Words of a Wanderer: Anthony Bourdain’s Best Quotes

As you probably already know by now, Anthony Bourdain is dead. The news broke my heart, because Bourdain was one of the only childhood heroes I ever had, next to Steve Jobs (also unfortunately dead) and Gregory House (fictional, and the show is over, so effectively dead as well.) I remember watching No Reservations when I would get home from school on the tiny silver CRT TV that I had in my room in California when I was no older than 10- (the first season, when he played paintball in Vegas.) Flash forward a decade or so and I’m watching pretty much every episode of Parts Unknown while fasting, and I still haven’t gotten sick of the guy.

He was a unique figure in his honesty. Here’s this well spoken, well read, classically trained chef who wasn’t afraid to eat a duck embryo out of an egg in the Philippines, or to admit that he usually preferred the home cooking of some random villager to Michelin-starred restaurants. Somehow, he toed the line between the whimsical experience of drinking his way across a new place and the impassioned reverence of a man who absolutely did not take his life for granted. He was truly unique, and we are less without him.

With that being said, here’s some of my favorite quotes from Tony:

“I always entertain the notion that I’m wrong, or that I’ll have to revise my opinion. Most of the time that feels good; sometimes it really hurts and is embarrassing.”

“To the extent I am known, I think I am known as a person who expresses his opinion freely about things – and I was sensitive to the possibility that if I was seen taking money for saying nice things about a product, my comments and choices and opinions would become, understandably, suspect.”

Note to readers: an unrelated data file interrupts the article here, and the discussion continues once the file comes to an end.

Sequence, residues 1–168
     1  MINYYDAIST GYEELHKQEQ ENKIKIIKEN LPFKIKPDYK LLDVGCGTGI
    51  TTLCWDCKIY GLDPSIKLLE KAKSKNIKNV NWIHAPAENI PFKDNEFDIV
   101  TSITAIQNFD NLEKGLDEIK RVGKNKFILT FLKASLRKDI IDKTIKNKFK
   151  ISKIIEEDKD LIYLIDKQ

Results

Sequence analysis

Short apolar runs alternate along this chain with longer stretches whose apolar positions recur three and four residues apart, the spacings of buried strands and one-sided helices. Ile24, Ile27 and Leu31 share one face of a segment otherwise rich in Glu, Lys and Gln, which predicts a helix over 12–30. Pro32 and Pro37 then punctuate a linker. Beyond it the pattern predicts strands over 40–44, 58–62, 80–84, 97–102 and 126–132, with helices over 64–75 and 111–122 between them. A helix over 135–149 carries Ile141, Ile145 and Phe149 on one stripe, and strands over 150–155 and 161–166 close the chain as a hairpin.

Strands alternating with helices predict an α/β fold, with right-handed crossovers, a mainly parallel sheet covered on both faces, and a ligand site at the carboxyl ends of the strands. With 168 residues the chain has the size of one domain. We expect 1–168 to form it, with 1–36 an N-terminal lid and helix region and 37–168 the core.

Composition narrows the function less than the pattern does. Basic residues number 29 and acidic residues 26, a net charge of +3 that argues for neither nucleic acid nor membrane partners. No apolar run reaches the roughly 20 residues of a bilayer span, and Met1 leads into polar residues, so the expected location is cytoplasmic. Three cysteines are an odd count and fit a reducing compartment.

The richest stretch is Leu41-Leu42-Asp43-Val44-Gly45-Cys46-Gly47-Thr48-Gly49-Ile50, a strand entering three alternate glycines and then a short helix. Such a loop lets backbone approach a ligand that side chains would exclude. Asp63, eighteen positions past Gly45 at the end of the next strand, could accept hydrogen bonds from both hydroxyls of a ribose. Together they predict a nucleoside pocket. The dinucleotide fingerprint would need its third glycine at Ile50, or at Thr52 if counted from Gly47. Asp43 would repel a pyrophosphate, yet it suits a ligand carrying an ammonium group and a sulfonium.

“As you move through this life and this world you change things slightly, you leave marks behind, however small. And in return, life — and travel — leaves marks on you. Most of the time, those marks — on your body or on your heart — are beautiful. Often, though, they hurt.”

“Without experimentation, a willingness to ask questions and try new things, we shall surely become static, repetitive, and moribund.”

“If you’re twenty-two, physically fit, hungry to learn and be better, I urge you to travel — as far and as widely as possible. Sleep on floors if you have to. Find out how other people live and eat and cook. Learn from them — wherever you go.”

“Assume the worst. About everybody. But don’t let this poisoned outlook affect your job performance. Let it all roll off your back. Ignore it. Be amused by what you see and suspect. Just because someone you work with is a miserable, treacherous, self-serving, capricious and corrupt asshole shouldn’t prevent you from enjoying their company, working with them or finding them entertaining.”

“I’m a big believer in winging it. I’m a big believer that you’re never going to find perfect city travel experience or the perfect meal without a constant willingness to experience a bad one. Letting the happy accident happen is what a lot of vacation itineraries miss, I think, and I’m always trying to push people to allow those things to happen rather than stick to some rigid itinerary.”

We should all strive to be so wise.

Because I doubt he would appreciate anyone being too morbid, here’s a great scene of Bourdain going to Waffle House for the first time:

Garrett Dailey

Garrett Dailey is a formerly homeless D.I.Y. philosopher who believes that one cannot understand the universe without first understanding themselves. To that end, he has committed to a lifelong journey to become the best version of himself, and in the process, create a community for others who wish to do the same. May we all be led from ignorance to the truth. Pros aion Aletheia aionios.

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